Field Identification of Archilochus Hummingbirds

by Steve N. G. Howell

Hummingbirds present some of the most challenging identification problems in North America. Views of these tiny, fast-flying birds in the field are often frustratingly brief, and many hummingbirds simply “get away” as unidentified – even for experienced birders. Accepting that most of your field encounters with hummingbirds may be this way is an important first step! Fortunately, hummingbird feeders increasingly allow close-range and prolonged studies that are difficult if not impossible to obtain “in the wild,” but then, if you do see a bird well, what do you look for? Females and immatures of different species, and even adult males, often look very similar to one another. Indeed, plumage differences between ages and sexes of the same species can be greater than those between species.

Baird’s Sparrow – Migration, Vagrancy, and Identification

by Jon L. Dunn

Few species are more poorly known as a migrant than is the Baird’s Sparrow Ammodramus bairdii. Most birders will have seen Baird’s Sparrows on their breeding grounds in the northern Great Plains, some may have seen them on the winter grounds, where usually considerable effort is required to get a good view, but only a small number, and even fewer reliably, have seen an actual migrant of this species.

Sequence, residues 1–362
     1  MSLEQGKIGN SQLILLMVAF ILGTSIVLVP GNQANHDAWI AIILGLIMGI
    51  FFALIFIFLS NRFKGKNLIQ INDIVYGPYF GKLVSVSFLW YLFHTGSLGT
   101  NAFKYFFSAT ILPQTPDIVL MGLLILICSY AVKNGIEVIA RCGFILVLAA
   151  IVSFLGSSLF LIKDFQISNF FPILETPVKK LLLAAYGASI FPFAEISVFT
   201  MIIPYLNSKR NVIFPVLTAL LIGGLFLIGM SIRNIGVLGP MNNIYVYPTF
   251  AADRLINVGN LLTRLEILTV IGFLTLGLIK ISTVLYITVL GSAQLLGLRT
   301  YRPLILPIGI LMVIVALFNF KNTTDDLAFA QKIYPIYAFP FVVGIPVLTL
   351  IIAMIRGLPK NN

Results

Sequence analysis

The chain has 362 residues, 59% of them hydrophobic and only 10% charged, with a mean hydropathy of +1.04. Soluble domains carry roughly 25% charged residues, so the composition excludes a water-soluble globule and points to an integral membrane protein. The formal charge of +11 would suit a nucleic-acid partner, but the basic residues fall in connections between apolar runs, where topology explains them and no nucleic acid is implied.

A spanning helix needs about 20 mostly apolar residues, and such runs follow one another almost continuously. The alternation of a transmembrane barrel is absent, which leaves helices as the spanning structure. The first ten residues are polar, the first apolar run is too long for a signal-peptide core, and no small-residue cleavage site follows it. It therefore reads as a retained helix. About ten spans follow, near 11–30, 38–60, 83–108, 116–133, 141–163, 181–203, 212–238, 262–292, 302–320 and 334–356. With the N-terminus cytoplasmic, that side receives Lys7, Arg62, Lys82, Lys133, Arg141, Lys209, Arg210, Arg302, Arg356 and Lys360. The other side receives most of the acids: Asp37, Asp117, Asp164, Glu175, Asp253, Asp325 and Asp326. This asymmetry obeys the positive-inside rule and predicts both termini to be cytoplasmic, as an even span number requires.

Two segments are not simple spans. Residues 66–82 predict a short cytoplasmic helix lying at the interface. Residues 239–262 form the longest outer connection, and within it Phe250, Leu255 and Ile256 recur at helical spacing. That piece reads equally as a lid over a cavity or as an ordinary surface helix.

A Hybrid Sandpiper in Newfoundland

by Bruce Mactavish and Ken Knowles

On November 8, 2003 Ken Knowles and Bruce Mactavish were birding Bear Cove on the southeast corner of the Avalon Peninsula. Renowned for vagrant passerines, this site also has a short gravel beach where a build-up of rotting kelp attracts small numbers of shorebirds. Ken had reported seeing a Buff-breasted Sandpiper on the beach and, realizing how late such a record would be in North America, I had to see the bird.

Labrador’s Common Snipe – A review of Canada’s only record of Common Snipe

by Matt Holder and Jeremiah Trimble

The American Ornithologists’ Union (AOU) published their decision to regard American populations of Common Snipe as distinct (Banks et al. 2002). What was once the North American subspecies Gallinago gallinago delicata has been elevated to species status G. delicata and given the English name Wilson’s Snipe, while the Old World taxon retains the English and scientific names of Common Snipe and G.gallinago, respectively. As a result of this split, the Birders Journal List of Canadian Birds was updated, and a decision was made to retain the Old World’s Common Snipe on the List based on a historical specimen record from Labrador (Holder 2003). This article provides background and a description of Canada’s first record of Common Snipe.